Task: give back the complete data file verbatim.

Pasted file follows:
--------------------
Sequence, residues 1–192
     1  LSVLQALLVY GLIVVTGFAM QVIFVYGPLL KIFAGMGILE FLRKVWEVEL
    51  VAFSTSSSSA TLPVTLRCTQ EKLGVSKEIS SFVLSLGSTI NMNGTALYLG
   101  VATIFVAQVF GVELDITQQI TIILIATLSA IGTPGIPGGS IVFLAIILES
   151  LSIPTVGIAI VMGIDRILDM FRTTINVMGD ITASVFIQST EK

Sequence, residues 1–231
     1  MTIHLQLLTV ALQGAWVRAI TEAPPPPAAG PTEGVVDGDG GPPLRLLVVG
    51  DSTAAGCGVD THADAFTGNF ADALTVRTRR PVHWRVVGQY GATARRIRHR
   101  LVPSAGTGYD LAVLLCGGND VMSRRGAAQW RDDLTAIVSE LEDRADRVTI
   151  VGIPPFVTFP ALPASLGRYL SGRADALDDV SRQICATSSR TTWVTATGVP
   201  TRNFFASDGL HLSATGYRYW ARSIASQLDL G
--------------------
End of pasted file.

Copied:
Sequence, residues 1–192
     1  LSVLQALLVY GLIVVTGFAM QVIFVYGPLL KIFAGMGILE FLRKVWEVEL
    51  VAFSTSSSSA TLPVTLRCTQ EKLGVSKEIS SFVLSLGSTI NMNGTALYLG
   101  VATIFVAQVF GVELDITQQI TIILIATLSA IGTPGIPGGS IVFLAIILES
   151  LSIPTVGIAI VMGIDRILDM FRTTINVMGD ITASVFIQST EK

Sequence, residues 1–231
     1  MTIHLQLLTV ALQGAWVRAI TEAPPPPAAG PTEGVVDGDG GPPLRLLVVG
    51  DSTAAGCGVD THADAFTGNF ADALTVRTRR PVHWRVVGQY GATARRIRHR
   101  LVPSAGTGYD LAVLLCGGND VMSRRGAAQW RDDLTAIVSE LEDRADRVTI
   151  VGIPPFVTFP ALPASLGRYL SGRADALDDV SRQICATSSR TTWVTATGVP
   201  TRNFFASDGL HLSATGYRYW ARSIASQLDL G